Welcome to our health education library. The information shared below is provided to you as an educational and informational source only and is not intended to replace a medical examination or consultation, or medical advice given to you by a physician or medical professional.
Your doctor may prescribe medication to control your ulcerative colitis symptoms and improve your quality of life. Medication won't cure ulcerative colitis. But it can help keep the disease from slowing you down. As always, work closely with your doctor. Your medication or dosage may need to be changed if you have certain side effects or if your symptoms change.
Special anti-inflammatories treat the lining of the intestine. These medications can reduce inflammation and discomfort. But they're not like aspirin or other over-the-counter medications. They must be prescribed by a doctor. The most common anti-inflammatories for ulcerative colitis are called 5-ASA compounds. They can help control symptoms over long periods of time. 5-ASA compounds may be taken as pills. But they also can be taken as an enema or suppository (the medicine is put directly into the rectum).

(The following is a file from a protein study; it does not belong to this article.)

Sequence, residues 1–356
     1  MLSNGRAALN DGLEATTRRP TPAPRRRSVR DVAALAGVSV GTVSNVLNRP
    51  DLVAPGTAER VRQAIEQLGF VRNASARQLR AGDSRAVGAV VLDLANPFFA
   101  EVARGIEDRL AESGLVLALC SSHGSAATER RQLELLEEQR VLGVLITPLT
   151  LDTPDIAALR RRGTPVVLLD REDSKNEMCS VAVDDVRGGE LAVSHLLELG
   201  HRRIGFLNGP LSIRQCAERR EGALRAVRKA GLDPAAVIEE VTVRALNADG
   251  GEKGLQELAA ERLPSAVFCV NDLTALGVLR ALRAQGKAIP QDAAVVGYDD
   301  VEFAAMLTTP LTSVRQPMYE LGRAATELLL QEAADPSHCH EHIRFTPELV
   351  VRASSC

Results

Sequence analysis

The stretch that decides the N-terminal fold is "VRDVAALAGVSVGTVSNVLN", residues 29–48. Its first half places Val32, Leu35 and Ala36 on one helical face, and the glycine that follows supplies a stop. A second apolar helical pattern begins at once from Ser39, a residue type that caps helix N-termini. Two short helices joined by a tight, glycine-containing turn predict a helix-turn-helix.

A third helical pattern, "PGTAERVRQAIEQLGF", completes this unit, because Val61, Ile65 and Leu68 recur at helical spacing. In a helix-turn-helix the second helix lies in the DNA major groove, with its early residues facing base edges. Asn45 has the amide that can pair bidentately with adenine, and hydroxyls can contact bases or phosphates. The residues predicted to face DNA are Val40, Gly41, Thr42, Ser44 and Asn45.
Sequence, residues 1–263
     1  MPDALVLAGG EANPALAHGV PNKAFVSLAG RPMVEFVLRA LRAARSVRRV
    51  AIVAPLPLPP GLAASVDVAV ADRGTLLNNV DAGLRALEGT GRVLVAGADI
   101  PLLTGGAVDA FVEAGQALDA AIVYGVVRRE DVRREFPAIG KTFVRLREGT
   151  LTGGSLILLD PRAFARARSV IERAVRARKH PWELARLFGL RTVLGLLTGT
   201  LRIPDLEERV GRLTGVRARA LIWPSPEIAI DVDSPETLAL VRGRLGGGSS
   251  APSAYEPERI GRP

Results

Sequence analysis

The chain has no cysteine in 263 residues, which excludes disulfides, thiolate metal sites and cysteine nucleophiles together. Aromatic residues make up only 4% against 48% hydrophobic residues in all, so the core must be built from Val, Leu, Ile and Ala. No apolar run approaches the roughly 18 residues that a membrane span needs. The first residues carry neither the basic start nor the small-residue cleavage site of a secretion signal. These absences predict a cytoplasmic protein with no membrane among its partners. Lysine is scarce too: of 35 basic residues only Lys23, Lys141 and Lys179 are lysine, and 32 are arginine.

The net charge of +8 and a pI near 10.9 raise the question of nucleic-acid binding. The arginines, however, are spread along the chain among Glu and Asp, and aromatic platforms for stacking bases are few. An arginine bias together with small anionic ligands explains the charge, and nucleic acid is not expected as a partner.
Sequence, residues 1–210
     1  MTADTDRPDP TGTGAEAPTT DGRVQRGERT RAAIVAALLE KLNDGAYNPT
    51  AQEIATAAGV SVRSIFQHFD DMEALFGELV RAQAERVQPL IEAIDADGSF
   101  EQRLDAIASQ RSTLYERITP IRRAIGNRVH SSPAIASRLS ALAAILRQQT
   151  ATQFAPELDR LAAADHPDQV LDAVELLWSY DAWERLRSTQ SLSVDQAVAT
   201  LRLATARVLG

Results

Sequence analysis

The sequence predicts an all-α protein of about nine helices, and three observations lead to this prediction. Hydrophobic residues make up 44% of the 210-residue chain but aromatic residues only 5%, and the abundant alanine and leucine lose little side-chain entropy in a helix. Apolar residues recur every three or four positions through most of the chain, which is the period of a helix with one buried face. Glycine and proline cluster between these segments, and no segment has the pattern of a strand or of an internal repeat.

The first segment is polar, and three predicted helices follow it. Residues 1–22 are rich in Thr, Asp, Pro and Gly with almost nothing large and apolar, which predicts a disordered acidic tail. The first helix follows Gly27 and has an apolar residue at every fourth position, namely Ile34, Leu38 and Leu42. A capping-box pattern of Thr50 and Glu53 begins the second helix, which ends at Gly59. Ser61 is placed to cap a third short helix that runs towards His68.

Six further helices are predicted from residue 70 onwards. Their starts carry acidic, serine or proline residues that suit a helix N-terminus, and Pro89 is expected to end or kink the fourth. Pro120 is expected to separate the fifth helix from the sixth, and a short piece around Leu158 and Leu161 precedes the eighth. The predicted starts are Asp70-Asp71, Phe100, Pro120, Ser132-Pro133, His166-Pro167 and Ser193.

Your doctor may prescribe corticosteroids to reduce inflammation. Unlike 5-ASA compounds, corticosteroids are usually taken for short periods only. They shouldn't be taken in remission (a long period without severe symptoms).
Immunosuppressives treat the part of your body that fights disease (the immune system). By treating the immune system, inflammation may be reduced. Immunosuppressives can be taken for long periods. But you may need to see your doctor more often than usual for monitoring.
Antibiotics fight the bacteria that can lead to infections in some cases of ulcerative colitis. Some patients may get sores in the digestive tract. These sores then drain into other parts of the body. This can lead to an infection. In some cases, antibiotics also help reduce inflammation.
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